Altering the economics of alternative energy
Regarding the Oct. 21 article "Breaking free": The best thing the government could do to encourage development of alternative modes of transportation would be to increase the gas tax. Right now, the gas tax does not even cover the cost of building and maintaining roads. A tax increase would force the market to find more efficient ways to travel, which is far better than letting Congress try to guess what the future will be like through legislative grants.
To minimize the shock to the economy, the tax could be phased in over time and accompanied by a comparable across-the-board income tax cut.
To suggest, as John Felmy did, that the long-term economic stability and well-being of this nation should take into account the possible negative economic impact on Saudi Arabia, the homeland of the majority of the 9/11 terrorists, is incomprehensible. And to lament the "hit" that Detroit might take as a result of making automobiles more efficient puzzles me. Detroit is in the transportation business, not the oil business, and new technology would most likely give the industry an edge over foreign competition.
I suspect that Mr. Felmy's concerns can be better understood when viewed from his position as chief economist of the American Petroleum Institute. As long as our energy decisions are shaped by the people and the thinking of the automotive and petroleum industries, we will find ourselves without a coherent energy strategy and affected by conflicts like those in Nigeria and Iraq right now.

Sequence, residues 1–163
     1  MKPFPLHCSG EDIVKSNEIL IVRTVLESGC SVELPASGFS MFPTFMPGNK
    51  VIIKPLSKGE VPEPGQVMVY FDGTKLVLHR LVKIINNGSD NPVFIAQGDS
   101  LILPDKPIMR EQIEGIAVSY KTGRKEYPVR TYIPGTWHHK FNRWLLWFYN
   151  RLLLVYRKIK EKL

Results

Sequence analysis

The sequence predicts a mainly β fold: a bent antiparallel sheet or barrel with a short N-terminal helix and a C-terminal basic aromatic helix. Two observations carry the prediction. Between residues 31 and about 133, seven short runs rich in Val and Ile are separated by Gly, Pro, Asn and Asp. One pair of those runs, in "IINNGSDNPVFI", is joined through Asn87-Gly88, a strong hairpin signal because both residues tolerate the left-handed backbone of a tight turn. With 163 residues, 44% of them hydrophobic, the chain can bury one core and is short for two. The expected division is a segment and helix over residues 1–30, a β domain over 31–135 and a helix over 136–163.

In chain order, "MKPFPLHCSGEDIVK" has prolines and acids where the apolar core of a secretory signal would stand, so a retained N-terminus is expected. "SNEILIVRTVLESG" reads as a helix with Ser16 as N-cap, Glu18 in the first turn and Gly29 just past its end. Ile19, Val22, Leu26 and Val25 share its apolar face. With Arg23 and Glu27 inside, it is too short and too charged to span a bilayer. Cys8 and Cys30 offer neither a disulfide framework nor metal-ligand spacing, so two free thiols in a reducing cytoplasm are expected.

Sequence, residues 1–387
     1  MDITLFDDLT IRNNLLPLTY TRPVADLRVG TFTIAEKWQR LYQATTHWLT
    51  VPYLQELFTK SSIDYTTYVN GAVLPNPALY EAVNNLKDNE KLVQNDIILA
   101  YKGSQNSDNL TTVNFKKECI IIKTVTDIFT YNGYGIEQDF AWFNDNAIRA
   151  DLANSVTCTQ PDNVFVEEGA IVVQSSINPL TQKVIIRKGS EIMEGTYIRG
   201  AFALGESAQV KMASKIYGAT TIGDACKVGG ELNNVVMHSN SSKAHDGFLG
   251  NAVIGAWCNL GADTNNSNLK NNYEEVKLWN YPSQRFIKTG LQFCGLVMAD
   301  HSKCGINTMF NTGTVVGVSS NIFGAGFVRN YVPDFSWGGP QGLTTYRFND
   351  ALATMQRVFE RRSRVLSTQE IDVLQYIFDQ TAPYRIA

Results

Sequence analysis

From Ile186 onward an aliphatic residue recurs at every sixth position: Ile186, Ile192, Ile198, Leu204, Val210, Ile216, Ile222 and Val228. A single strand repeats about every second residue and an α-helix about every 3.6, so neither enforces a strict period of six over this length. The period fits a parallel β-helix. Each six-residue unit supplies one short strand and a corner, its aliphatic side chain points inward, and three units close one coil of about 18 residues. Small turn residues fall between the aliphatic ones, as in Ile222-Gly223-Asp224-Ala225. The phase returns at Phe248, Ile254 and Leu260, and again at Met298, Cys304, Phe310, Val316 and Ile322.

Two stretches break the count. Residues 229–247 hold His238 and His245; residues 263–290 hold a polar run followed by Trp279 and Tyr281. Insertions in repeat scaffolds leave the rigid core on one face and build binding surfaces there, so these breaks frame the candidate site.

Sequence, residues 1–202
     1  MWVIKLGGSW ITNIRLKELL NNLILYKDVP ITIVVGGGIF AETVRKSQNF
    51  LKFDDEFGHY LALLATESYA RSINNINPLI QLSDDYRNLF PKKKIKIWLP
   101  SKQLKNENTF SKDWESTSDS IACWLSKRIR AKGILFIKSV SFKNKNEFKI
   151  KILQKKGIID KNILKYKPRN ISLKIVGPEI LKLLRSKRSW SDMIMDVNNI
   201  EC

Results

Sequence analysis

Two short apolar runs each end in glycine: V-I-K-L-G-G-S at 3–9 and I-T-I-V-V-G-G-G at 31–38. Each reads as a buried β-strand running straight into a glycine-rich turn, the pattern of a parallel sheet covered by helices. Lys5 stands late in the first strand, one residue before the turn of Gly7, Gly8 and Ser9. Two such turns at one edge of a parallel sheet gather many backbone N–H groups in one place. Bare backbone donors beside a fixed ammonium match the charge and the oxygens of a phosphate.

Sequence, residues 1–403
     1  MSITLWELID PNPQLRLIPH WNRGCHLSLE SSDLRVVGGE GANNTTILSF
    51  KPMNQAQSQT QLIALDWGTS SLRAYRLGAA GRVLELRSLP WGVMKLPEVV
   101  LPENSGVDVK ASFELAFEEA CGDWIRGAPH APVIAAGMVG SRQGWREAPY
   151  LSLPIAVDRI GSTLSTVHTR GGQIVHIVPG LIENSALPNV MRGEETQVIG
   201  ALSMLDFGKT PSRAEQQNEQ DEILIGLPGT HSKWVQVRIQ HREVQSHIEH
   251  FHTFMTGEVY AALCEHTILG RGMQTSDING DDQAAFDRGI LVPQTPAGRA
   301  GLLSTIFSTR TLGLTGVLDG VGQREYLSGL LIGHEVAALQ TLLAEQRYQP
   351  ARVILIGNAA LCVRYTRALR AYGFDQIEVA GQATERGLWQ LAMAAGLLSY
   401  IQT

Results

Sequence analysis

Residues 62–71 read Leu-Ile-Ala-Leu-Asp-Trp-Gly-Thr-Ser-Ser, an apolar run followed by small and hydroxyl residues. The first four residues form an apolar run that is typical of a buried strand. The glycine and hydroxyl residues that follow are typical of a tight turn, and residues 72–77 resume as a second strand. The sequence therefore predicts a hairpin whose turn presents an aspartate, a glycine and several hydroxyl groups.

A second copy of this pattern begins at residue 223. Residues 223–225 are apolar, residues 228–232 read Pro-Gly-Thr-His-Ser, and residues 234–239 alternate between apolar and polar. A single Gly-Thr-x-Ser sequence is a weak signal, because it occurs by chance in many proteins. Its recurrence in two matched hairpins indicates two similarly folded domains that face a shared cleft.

The Oct. 22 article "As oil rises, cleaner energy surges" reminds me of your unparalleled coverage of alternate-energy development 30 years ago. Had these technologies been promoted by continuing the tax incentives begun by Jimmy Carter, we would not be in the oil-fueled mess we are in today.
Most of this technology has been sitting on a shelf in our technology closet for decades. The lack of use of these clean energy options is as much due to lack of political will as uncompetitive economics. With further tax incentives to promote its use, existing energy conservation and alternate generation technology can reduce America's dependence on imported oil.
Biodiesel is the quickest way to energy independence in this country. I've been driving a VW Jetta diesel for almost two years now. I've tripled my mileage per tank by using diesel instead of gasoline, and my car is ready at any time to burn biodiesel. There are weak signs that biodiesel is gaining momentum in the US, but as long as the media continue to focus on electric/gas transportation, it will be an uphill battle.
I read with great interest the Oct. 20 article "Discontent over illegals in Arizona." The state's government is making a right choice in drafting Proposition 200, which will guarantee that illegal immigrants do not get government benefits. If it is impossible to get these benefits, immigrants will find fewer reasons to enter the United States illegally, and will seek to do so in a legal fashion. This would free up the billions of dollars that are being spent on immigrants.
I hope other states will follow the example of Arizona's Prop. 200. The US has always been home to wonderful benefits and programs that have set this country apart, but these benefits should be extended only to those who enter our country legally.
The Monitor welcomes your letters and opinion articles. Because of the volume of mail we receive, we can neither acknowledge nor return unpublished submissions. All submissions are subject to editing. Letters must be signed and include your mailing address and telephone number.
Any letter accepted will appear in print and on www.csmonitor.com .
Mail letters to 'Readers Write,' and opinion articles to Opinion Page, One Norway St., Boston, MA 02115, or fax to 617-450-2317, or e-mail to Letters.